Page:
But even though we can reasonably expect the party of Janez Janša to stall things a bit (well, quite a lot in fact, since they’re again talking about impeachment of Alenka Bratušek), they’ve apparently started to prepare for a period without Janez Janša as their point-man. Following the upheld conviction of the SDS leader who is to serve two years in prison for corruption, SDS MP Romana Tomc resigned as vice-president of the parliament. Officially it was done in protest over “politically motivated conviction against Janša”, but it is quite possible she is designated to replace Janša at least temporarily.

Romana Tomc, SDS’ Alenka Bratušek?

Tomc was rumoured to have been considered a replacement for Janša during the 2012-2013 winter uprisings which called for his resignation as PM. Nothing came of it as a new coalition was formed under Alenka Bratušek, but Tomc has been near the limelight ever since. With no immediately apparent political baggage she just might be the person SDS is looking for to fill the void Janša’s (temporary) removal from inner circle of politics will bring.

Since SDS is in a good position to win the parliamentary elections as things stand, an apparently moderate interim leader, not unlike Alenka Bratušek (both gender- and rhetoric-wise) might just give that extra boost the party needs to climb all the way to the top, which has eluded Janez Janša but once for the last quarter of the century.

Anyways, as of today, Slovenia is in election mode, level 999 and will remain so until mid-autumn when local elections are held. Between today and then, however, we are to cast our votes in EU elections (25 May), archive referendum (rescheduled for 8 June) and early parliamentary elections. God forbid the President were to resign.

On second thought… :mrgreen:

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Agent provocateur and an occasional scribe.

9 thoughts on “PM Bratušek Resigns, Looks To *Early* Early Elections”

  1. are we (Slovenians) not being just plain st00pid with putting up with all this shit? No, seriously will there ever be a day, when either one of them doesn’t screw up? (rhetorical questions)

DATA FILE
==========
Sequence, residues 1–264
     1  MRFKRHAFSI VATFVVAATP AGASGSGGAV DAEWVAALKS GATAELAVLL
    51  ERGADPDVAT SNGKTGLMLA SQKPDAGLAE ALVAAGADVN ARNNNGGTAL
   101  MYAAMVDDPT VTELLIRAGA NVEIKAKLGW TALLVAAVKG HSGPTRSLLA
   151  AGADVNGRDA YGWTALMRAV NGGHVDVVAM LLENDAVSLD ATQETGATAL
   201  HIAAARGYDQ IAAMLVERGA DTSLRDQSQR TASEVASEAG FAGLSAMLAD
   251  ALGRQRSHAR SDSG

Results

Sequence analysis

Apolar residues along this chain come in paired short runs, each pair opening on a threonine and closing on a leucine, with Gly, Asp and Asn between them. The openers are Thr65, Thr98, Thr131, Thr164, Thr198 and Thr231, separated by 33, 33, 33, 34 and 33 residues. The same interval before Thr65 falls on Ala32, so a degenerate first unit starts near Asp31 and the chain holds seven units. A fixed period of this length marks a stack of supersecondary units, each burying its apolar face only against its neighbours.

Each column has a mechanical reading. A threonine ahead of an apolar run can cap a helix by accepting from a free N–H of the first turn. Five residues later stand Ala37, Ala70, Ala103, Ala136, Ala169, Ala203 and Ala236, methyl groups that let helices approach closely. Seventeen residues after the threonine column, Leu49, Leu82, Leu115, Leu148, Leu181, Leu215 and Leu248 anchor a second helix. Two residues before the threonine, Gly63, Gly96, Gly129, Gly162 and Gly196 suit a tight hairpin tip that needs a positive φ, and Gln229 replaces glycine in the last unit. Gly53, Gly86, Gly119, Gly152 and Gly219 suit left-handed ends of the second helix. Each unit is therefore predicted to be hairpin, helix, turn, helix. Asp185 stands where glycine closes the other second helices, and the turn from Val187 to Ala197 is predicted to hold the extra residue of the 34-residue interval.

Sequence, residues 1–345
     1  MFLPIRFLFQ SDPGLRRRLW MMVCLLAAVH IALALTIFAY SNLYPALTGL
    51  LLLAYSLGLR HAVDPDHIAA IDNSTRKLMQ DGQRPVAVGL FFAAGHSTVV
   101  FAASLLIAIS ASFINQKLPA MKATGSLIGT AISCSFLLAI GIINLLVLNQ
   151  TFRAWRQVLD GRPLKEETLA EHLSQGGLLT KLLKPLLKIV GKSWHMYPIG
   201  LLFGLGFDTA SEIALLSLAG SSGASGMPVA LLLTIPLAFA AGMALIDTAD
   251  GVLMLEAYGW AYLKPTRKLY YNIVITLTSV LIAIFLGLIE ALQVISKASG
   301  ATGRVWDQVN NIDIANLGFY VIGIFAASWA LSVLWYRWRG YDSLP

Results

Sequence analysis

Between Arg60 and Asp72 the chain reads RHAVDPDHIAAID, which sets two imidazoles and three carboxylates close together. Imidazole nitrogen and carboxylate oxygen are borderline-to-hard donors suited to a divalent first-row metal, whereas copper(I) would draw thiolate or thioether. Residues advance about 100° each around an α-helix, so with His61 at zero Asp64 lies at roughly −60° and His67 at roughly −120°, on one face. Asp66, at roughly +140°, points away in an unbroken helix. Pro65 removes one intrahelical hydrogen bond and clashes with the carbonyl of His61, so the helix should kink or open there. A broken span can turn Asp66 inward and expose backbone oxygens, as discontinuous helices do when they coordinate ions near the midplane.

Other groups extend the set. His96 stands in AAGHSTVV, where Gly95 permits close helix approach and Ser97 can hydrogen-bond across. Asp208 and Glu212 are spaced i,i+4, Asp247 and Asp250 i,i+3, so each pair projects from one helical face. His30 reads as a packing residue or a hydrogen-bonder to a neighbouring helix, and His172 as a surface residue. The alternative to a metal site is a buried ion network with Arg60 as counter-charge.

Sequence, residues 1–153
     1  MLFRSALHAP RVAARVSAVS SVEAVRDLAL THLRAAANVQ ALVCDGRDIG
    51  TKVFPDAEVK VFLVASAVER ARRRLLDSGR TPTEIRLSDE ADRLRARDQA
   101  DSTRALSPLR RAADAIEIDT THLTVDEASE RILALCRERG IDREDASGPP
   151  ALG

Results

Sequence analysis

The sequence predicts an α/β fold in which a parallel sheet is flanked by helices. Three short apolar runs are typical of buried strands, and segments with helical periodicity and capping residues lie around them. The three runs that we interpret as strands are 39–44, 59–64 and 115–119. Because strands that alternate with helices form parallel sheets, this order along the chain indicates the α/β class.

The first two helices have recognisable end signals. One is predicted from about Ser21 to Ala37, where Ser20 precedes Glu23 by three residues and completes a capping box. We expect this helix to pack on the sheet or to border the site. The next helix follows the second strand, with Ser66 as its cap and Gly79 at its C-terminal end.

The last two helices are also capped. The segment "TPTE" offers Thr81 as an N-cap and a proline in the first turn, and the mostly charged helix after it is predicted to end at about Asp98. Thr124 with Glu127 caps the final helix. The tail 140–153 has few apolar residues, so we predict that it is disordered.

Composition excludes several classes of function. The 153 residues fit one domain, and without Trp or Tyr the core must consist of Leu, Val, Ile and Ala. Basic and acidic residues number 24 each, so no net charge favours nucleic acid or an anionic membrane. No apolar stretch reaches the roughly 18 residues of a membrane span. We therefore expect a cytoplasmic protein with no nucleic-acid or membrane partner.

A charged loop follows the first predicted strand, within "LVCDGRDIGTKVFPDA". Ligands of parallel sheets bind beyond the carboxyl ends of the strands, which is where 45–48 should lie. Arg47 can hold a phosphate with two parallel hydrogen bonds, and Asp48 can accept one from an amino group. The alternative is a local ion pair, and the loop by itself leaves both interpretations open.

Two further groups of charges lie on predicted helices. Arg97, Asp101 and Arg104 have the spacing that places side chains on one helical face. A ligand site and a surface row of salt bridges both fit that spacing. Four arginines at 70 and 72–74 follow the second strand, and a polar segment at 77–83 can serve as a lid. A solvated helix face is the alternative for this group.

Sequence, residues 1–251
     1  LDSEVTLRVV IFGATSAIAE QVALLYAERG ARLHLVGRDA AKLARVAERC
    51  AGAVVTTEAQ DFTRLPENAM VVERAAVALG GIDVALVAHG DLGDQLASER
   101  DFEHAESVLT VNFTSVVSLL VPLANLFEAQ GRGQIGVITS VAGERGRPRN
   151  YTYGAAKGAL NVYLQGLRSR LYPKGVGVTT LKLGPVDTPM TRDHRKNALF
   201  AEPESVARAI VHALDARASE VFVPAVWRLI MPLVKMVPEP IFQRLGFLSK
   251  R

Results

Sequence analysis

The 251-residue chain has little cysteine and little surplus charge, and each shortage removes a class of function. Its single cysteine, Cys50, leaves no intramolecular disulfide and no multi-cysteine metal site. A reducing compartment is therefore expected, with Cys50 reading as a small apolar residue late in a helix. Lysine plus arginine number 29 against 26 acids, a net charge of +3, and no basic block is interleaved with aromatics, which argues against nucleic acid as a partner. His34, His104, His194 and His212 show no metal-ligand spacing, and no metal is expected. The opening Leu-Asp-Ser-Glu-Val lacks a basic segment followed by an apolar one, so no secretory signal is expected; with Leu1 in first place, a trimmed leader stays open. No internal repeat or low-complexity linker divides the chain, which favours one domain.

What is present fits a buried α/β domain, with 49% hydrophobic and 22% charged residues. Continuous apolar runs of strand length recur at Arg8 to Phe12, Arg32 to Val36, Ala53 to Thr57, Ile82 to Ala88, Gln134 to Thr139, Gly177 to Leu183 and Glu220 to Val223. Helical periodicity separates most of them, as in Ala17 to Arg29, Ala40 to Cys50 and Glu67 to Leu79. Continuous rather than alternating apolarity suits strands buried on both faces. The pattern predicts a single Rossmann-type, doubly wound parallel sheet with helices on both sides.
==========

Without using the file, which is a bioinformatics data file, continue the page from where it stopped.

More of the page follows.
how did Belgium manage the status quo/be in negotiations for almost 2 years? Any possibility Slovenia can be the same (puhweethee puhlees)? I just can’t handle all these st00pid ppl making fun of us (= apparently even the more st00pid ones)

  2. Well, Belgium is not really a good example, as their system is a bit different than ours, meaning two years w/o government would definitely be no good. As for being stupid, and putting up with this shit… well, go and vote. It looks there will be more relevant competition this time around than there was for the better part of the last two decades 😉

  3. Belgium (my native country) happened to manage the stalemate – it wasn’t a status quo at all – for over 500 days because, in fact, the economy kept chugging on in spite of the political games that were being played, and the previous government kept being in a ‘current affairs’ state, which gave them limited powers to act when necessary on smaller issues, while the Francophones and the Flemings battled it out, the former making sure the stalemate was kept going until the winning Flemish nationalist were absolutely unable to form a government anywhere. On May 25, it will result in an even bigger win for them, as they keep being demonized.

    Two years without government wasn’t good for this country either, but if Slovenia wants to, it could do the very same, as long as the economy keeps running, people go to work and pay their bills and taxes. Which only goes to show that on the practical side of society, politics are very much outnumbered and outgunned by the reality that the economy governs, not the politicians. That may seem simplistic on the surface, but it doesn’t make it any less true.

  4. Of course I’ll vote, I take that act rather seriously, even though it seems as it doesn’t really matter since not a single party that I voted for in my life has gone through to parliament or gain a significant role in decision making. Any chance you’ll cover the ‘more relevant competition’?
    I concur with Dr. ARF to a point – politicians are of course outnumbered but at the same time we are a bunch of noncommittal & resignated people which means the greater numbers are just that, numbers on a paper & our politicians are greatly aware of that.

  5. I’m a casual observer of the Slovenian scene but it seems to me that, whatever was intended when she was first appointed, that Alenka Bratusek comes out of this with a good reputation and perhaps even a political base of her own. If nothing else, she can unequivocally state that she left Slovenia in better shape than she found it in.

  6. To an extent, yes. She definitely fared much better than most people expected. However, one wonders if she would not have done better if she “rode into the sunset”, so to speak. Not that I wouldn’t like to see her remain on the scene, but political capital is a curious beast and she is one wrong move from squandering what little she accumulated in the past year.